Friday, July 1, 2011

A little sketch of the beginnings of proper philosophic thought

From a distance, the playground sounds reach the ear as an ecstatic whispering. As the person approaches, these sounds flow apart to become the shouts of children, myriad shuffles of motion, wind blowing across grass, and the low, deep hum of adult conversation.

Distributed in their respective zones, the denizens have segregated themselves by activity. About the very perimeter there can be found dogs. One is squatting down to shit while its owner waits with a scowl, no doubt uncomfortable with being observed. Another runs in J shaped intercept patterns, zealously retrieving the ball that is thrown by its patient master. In a sunny but secluded space, just inside this perimeter, one finds alluringly toned men and women sunbathing. They are young, old, nearly naked, fully clothed, happy to be seen, unhappy to be seen, indifferent. Moving now toward the heart of the space, here are the games and the children. Some play on the equipment. Others buzz in endless squiggles as they pursue the soccer ball. Little groups of children quietly or boisterously discuss their plans in the shade of the great fur trees. One solitary boy sits against a concrete wall, whining to his mother who listens with concern that may or may not be genuine. Here one finds that encircling these groups of children and sprinkled throughout are adults: parents and caregivers of various types, older siblings and babysitters.

Categories puff into being as the mind searches for eloquent words. The truth is there but it can never be anywhere but where it is, it can never have a form other than itself. Those particulars which become the exemplars on which we base categories can never be identical to ideas in the mind, words on the lip, or the abstract workings of a step-wise mechanical process.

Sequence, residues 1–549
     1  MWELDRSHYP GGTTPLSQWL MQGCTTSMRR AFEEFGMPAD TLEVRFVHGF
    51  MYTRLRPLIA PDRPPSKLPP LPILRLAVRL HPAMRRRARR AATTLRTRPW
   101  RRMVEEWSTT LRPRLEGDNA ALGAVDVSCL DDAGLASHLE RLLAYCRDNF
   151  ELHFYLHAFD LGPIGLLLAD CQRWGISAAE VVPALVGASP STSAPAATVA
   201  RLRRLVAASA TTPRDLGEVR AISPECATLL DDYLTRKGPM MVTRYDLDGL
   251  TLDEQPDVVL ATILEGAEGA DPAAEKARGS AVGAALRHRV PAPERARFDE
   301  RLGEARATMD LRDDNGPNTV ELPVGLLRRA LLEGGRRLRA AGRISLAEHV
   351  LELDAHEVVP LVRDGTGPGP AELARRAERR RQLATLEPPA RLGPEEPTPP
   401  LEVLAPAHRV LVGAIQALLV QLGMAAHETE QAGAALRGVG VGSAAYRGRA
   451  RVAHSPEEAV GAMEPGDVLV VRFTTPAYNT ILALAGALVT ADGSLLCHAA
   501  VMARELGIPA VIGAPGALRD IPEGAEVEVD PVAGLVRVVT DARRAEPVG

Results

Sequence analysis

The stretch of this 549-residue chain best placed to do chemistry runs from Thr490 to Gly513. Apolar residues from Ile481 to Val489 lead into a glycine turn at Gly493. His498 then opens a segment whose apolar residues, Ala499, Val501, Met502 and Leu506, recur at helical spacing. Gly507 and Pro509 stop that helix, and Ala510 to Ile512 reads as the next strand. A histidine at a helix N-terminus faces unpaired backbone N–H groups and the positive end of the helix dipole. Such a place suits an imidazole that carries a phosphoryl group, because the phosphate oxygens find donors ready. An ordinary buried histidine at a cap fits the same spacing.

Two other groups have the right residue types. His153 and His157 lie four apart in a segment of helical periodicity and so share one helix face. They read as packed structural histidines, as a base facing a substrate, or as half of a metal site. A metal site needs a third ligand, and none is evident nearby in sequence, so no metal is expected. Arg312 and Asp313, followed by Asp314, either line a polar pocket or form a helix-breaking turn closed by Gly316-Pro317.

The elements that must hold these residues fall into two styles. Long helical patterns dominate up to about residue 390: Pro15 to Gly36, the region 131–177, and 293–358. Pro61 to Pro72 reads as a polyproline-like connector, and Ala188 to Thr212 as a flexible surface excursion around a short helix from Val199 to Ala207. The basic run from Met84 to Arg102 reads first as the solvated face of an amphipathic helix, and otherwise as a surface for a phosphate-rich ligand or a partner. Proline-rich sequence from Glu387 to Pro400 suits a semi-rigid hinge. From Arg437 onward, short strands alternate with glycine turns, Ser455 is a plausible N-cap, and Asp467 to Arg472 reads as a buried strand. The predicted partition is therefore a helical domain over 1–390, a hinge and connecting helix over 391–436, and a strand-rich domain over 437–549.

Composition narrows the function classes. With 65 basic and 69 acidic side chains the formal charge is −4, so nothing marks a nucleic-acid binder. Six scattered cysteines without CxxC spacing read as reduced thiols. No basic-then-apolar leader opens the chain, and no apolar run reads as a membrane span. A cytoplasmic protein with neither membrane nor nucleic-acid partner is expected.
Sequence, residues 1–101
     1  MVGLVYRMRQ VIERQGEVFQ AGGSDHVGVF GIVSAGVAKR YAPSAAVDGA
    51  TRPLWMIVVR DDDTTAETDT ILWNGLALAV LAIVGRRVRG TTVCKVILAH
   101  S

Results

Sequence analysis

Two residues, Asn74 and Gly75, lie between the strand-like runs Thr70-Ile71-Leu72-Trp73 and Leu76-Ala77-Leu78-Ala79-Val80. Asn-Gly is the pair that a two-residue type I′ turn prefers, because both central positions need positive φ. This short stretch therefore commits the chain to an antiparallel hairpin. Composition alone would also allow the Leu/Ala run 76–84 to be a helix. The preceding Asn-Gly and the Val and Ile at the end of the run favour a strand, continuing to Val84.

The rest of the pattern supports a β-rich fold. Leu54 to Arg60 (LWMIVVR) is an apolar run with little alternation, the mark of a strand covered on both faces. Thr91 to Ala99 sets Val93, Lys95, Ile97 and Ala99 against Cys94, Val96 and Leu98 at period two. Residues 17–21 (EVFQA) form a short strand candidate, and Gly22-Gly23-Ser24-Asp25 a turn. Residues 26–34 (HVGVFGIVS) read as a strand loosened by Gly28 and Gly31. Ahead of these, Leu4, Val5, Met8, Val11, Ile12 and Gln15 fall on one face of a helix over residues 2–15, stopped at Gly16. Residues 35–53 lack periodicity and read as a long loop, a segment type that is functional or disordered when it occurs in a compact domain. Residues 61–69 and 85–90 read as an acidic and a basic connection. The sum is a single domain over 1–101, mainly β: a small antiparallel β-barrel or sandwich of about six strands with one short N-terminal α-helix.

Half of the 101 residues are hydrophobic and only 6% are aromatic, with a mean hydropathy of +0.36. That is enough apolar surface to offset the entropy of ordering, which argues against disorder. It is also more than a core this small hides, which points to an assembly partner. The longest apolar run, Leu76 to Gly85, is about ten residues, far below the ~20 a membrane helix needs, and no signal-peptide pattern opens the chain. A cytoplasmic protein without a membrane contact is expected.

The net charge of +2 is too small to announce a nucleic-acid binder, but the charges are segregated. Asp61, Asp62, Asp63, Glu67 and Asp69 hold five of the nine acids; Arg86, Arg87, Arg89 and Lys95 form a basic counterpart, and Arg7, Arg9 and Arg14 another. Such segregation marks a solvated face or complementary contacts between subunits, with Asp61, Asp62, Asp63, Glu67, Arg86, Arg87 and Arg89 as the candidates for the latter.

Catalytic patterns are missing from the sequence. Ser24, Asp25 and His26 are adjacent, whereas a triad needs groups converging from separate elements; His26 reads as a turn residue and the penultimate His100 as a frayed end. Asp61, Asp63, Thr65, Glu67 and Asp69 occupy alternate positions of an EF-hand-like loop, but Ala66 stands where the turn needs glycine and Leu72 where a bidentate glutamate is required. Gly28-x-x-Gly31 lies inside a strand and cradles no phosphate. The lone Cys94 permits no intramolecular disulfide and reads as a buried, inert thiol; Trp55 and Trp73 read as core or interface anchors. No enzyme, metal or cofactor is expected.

The observer speaks from memory, but those who listen must then speak from their imaginations. Deep in the consciousness there are these little things - impressions of the world - that are a more primordial form of imagination which springs up in the moment of observation. But for the reader there are no impressions of the particular moment at the particular place that I have observed. And so even if by some luck every detail he contemplates is filled in exactly as it was, the reader will only have recreated those things which he has contemplated. But contemplation itself is limited in ways that experience is not, and it extends in dimensions that have never yet been experienced.

Philosophy can now be considered. If description, prediction, and all the other measurable ways of analyzing the narratives of people are to be refined, all such refinement must be based on the comparison of the narratives of observers with those of listeners. Because this is a question of the quality of the imagination itself, Philosophy is an effort to improve imagination. But this means that we must define improvement, and so we must have some sentimental agreement as to what ways of imagining are superior. Thus it will never be possible to proceed from first principles in the way that the philosophers of old have done. It should be obvious, in any event, that philosophy cannot exist outside of the particular cultural tradition from which the consciousnesses of its practitioners are constructed. To note: consciousness can only be constructed from things which are not consciousness, or it cannot be constructed at all.

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